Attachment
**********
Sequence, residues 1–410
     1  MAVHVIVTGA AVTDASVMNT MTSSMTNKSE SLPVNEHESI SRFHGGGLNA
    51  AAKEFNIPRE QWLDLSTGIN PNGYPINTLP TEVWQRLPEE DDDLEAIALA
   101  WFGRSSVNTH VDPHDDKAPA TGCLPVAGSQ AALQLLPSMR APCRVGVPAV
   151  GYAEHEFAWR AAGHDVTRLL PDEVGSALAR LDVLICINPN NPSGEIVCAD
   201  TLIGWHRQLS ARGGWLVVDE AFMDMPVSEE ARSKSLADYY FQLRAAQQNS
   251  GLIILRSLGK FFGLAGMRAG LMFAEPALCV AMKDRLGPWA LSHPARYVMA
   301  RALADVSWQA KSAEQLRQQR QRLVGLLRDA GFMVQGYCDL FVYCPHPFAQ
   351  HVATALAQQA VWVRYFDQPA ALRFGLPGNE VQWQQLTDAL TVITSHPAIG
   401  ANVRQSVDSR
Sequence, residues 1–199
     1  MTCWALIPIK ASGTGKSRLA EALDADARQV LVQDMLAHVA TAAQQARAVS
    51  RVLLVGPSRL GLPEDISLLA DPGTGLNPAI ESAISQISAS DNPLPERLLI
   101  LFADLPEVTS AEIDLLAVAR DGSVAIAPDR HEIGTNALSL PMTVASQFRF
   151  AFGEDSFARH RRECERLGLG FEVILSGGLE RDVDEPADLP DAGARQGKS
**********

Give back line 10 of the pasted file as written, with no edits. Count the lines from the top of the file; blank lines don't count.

   401  ANVRQSVDSR